Wednesday, 27th September 2023

FG mulls standards for tomato value chain three years after import policy

By Femi Adekoya
03 June 2020   |   2:54 am
The Federal Government, in line with its economic diversification policy, has developed draft codes of practices for the tomato value chain from planting, harvesting, processing and transportation to Storage.

The Federal Government, in line with its economic diversification policy, has developed draft codes of practices for the tomato value chain from planting, harvesting, processing and transportation to Storage.

The Federal Government had in 2017, unveiled a new policy to encourage local production and processing by increasing the tariff on importation of tomato concentrate to 50 per cent alongside an additional levy of $1,500 per metric tonne from May 7.

Under the new policy, the federal government classified greenhouse equipment as agricultural equipment in order to attract zero per cent import duty; stopped the importation of tomato paste, powder or concentrate put up for retail sale; stopped the importation of tomatoes preserved otherwise by vinegar or acetic acid; restricted the importation of tomato concentrate to the seaports to address the abuse of the ECOWAS Trade Liberalisation Scheme (ETLS); and included tomato production and processing in the list of industries eligible for investment incentives administered by the Nigeria Investment Promotion Commission (NIPC).

Addressing members of the Technical Committee for Fruits and Vegetable Products in Abuja recently, the Director-General, Standards Organisation of Nigeria, Osita Aboloma, described the meeting of the Committee to deliberate on the tomato value chain as a milestone in the country’s agricultural transformation and economic diversification agenda.

According to him, Nigeria as the second largest producer of tomato worldwide, is yet to attain its full potentials in spite of previous efforts by stakeholders.

Represented by the Chief of Staff to Director General, Richard Agu, Aboloma described the technical committee meeting as being to develop a practical road map to mitigate identified challenges of poor practices, thereby unlocking the huge economic benefits to Nigeria and the African continent at large through exports.

He expressed confidence in the Committee’s capacity to produce implementable codes of practices for tomato from planting to storage, export and consumption, given the level of technical knowledge and experience that abound in the membership.

The SON Chief Executive disclosed that collated comments obtained from the relevant stakeholders during the national enquiry stage of the Standards development process would be available for the Committee’ discussion.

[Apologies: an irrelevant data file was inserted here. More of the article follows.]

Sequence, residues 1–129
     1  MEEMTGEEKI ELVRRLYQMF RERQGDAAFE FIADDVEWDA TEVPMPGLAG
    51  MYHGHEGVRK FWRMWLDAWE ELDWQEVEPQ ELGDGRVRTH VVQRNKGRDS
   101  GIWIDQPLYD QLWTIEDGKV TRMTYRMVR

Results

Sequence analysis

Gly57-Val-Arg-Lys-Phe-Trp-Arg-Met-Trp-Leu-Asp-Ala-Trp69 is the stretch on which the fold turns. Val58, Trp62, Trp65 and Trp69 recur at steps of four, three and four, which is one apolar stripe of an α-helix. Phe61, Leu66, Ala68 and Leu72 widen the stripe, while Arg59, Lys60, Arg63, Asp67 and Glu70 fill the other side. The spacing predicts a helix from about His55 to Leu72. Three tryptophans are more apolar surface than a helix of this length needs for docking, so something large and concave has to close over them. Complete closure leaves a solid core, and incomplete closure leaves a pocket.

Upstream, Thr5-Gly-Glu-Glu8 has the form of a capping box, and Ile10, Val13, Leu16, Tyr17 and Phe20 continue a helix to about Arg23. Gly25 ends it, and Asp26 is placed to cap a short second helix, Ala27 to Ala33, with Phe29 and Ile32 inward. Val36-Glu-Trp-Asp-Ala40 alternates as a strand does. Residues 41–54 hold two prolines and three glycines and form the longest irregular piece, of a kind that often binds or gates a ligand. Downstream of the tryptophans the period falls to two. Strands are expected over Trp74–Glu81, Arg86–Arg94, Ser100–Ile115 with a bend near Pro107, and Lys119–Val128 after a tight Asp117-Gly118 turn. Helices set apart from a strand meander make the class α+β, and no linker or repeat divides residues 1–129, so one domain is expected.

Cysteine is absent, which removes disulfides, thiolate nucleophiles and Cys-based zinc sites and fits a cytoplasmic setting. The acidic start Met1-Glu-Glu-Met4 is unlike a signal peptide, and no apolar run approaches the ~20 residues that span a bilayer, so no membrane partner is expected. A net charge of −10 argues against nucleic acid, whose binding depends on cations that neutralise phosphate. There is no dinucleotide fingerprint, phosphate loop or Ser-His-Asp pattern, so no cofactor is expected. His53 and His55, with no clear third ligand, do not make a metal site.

He acknowledged the support of the United Nations Environmental Program (UNEP) and described the organisation as “having been very enthusiastic about this project and highly supportive to the realization of today’s meeting”.

Aboloma expressed delight about plans by the Committee to further simplify the draft codes, using pictorials and translation into the major Nigerian languages for easy comprehension by all stakeholders, irrespective of the levels of education.

He then challenged the Committee to immediately set up an agenda for the quick realization of the task. Commenting on the Committee’s task, the Chairperson, Dr. Abiola Oke of National Horticultural Research Institute (NIHORT), Ibadan described the Nigerian Codes of practice for tomato as the national guides for farmers and processors to meet the requirements of the relevant Nigerian Industrial Standards in providing quality raw materials to local processing plants.

According to her, “The aim of the codes is to help farmers produce safe, fresh tomato as raw materials for the local industries thereby reducing the importation of processed tomato products which is a burden on Nigeria’s foreign exchange earnings”

She stated that the codes will facilitate safe production of tomato for consumption through prioritized use of bio-pesticides as well as other human and environmentally safe operational measures.

Dr. Oke enumerated the Technical Committee’s resolution to create a viable tomato product value chain, clearly stating conditions required at each stage within the convenient trade reality of Nigeria.

She disclosed that the Codes of Practices for Planting, Harvesting, Processing, Transportation and Storage are newly developed while the Standard for Tomato fruit was revised.

The final drafts according her have been submitted to the SON Management for consideration and approval by the Nigerian Standards Council.